In 1970 the group experienced more trouble a split in the spring that year. Later John said he had no regrets for this decision.

Johns next album ‘Imagine’ was much more successful commercially. And title song became his most popular solo song.

Some officials of the Nixon administration began a specific campaign to have John deported as a convicted drug user. The F.B.I followed him, taped his phone calls and filled plenty of files with notes of his musical and other activities. The case was finally settled in 1975 when a court declared that John’s British marijuana conviction was not grounds for deportation in the American law.

In 1973 John and Yoko separated, she stayed in New York and he went to Los Angeles. On what he later described as a “lost weekend” that lasted 18 months. Drinking heavily John was thrown out of nightclubs and was a popular subject for gossip columns for much of that time. He also released three albums, the fist two “Mind Games” and “Walls and Bridges”; turned away from politics back towards the musical theme of “Imagine”. While neither album was particularly popular, “Walls and Bridges” did bring John his first American No1 single: “Whatever gets you through the night.”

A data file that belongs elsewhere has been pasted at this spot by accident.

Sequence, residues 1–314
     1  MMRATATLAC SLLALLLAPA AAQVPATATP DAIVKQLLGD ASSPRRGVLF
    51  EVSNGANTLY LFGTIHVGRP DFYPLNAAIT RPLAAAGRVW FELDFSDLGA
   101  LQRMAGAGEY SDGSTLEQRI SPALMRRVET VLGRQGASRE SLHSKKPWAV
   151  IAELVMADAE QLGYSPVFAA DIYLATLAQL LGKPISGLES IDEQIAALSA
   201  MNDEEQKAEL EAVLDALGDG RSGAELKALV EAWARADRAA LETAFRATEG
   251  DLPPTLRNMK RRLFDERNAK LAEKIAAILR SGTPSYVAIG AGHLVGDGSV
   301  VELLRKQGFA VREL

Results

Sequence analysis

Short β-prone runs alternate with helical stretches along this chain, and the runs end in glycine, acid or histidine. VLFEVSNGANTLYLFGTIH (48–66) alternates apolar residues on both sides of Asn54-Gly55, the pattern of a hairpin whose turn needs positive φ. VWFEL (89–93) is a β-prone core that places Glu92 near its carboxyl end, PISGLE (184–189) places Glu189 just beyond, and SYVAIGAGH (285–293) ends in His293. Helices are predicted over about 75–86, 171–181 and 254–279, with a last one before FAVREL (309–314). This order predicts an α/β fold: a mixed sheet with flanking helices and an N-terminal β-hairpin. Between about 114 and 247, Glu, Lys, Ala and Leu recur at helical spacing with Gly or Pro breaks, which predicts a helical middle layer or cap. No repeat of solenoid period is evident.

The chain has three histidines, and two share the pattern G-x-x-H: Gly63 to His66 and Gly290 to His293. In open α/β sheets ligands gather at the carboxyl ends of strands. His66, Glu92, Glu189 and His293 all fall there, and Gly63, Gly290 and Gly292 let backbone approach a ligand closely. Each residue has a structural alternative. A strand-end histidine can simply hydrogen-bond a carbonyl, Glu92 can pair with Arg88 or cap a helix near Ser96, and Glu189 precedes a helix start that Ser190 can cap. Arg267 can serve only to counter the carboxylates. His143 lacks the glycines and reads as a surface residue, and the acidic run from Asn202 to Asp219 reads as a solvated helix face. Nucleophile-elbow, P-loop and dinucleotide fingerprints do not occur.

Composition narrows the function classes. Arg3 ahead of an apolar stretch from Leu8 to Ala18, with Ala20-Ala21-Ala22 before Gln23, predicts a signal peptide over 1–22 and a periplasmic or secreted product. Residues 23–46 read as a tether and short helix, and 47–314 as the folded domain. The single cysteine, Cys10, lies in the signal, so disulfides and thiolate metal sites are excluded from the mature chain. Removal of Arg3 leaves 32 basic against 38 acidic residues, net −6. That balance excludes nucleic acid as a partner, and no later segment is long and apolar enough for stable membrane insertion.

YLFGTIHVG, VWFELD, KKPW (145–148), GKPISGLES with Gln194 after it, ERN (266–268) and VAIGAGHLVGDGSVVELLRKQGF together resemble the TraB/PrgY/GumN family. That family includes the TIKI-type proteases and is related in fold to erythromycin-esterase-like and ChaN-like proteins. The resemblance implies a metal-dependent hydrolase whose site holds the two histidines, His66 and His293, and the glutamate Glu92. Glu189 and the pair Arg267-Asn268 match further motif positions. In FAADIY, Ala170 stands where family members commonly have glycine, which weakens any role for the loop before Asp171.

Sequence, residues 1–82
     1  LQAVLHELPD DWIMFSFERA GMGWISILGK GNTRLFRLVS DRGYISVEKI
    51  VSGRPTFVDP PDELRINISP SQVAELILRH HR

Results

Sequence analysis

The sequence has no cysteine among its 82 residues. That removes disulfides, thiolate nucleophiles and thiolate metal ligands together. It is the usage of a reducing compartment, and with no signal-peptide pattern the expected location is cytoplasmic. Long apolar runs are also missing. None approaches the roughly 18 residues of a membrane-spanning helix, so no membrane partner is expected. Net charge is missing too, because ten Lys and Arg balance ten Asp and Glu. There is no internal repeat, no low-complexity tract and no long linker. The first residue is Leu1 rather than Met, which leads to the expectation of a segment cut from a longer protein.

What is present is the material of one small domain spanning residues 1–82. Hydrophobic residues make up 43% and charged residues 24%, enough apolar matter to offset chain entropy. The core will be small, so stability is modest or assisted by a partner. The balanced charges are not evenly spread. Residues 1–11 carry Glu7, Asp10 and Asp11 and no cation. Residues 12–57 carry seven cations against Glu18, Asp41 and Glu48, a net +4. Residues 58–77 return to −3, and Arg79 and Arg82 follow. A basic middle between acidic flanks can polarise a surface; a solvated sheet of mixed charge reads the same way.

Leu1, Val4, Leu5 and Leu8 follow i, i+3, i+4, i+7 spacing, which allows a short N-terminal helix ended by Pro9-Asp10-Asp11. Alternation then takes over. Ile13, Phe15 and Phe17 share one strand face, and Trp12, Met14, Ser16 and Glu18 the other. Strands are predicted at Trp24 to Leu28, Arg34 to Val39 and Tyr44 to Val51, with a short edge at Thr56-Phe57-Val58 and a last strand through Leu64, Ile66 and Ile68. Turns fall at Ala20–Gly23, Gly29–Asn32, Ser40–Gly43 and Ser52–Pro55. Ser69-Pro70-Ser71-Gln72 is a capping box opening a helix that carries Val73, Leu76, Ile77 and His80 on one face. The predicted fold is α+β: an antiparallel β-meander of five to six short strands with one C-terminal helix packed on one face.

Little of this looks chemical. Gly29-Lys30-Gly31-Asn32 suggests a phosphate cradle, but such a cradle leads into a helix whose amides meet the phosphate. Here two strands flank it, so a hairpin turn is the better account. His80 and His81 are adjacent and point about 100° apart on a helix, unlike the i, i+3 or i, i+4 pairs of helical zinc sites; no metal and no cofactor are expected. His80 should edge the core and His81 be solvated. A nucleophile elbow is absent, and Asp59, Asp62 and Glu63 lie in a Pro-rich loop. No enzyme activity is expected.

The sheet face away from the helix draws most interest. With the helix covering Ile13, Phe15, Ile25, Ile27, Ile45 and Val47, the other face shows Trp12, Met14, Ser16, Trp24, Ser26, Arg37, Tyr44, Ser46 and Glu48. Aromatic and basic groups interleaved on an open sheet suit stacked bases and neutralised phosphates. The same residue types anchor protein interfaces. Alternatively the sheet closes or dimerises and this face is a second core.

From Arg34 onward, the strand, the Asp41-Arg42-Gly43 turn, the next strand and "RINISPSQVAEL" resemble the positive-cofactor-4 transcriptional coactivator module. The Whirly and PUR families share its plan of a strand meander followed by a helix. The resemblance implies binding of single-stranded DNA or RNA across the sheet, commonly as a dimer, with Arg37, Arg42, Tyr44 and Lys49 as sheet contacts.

In 1980 he and Yoko wrote 25 songs in a few weeks. The album “Double Fantasy” received mixed reviews; nevertheless, the single “Starting Over” went quickly to No1, and John and Yoko continued to spend many hours in the studio working on their next collection.

Upon getting back home from a recording session on December 8th, 1980, John was shot 5 times by a self-described fan, Mark Chapman, for whom he had signed an autograph earlier that day. He was dead on arrival at Roosevelt Hospital. Crowds gathered outside his home as soon as the news broke, and many people continued their vigil for days, singing “Give Peace a Chance”; “Imagine”, and other of his songs.

Throughout his life, John’s strong sense of justice and his striving for world peace continues to offer a call to action for millions of people throughout the world.

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Essay on Max Weber and Emile Durkheim Theory

Essay on M. Weber and E. Durkheim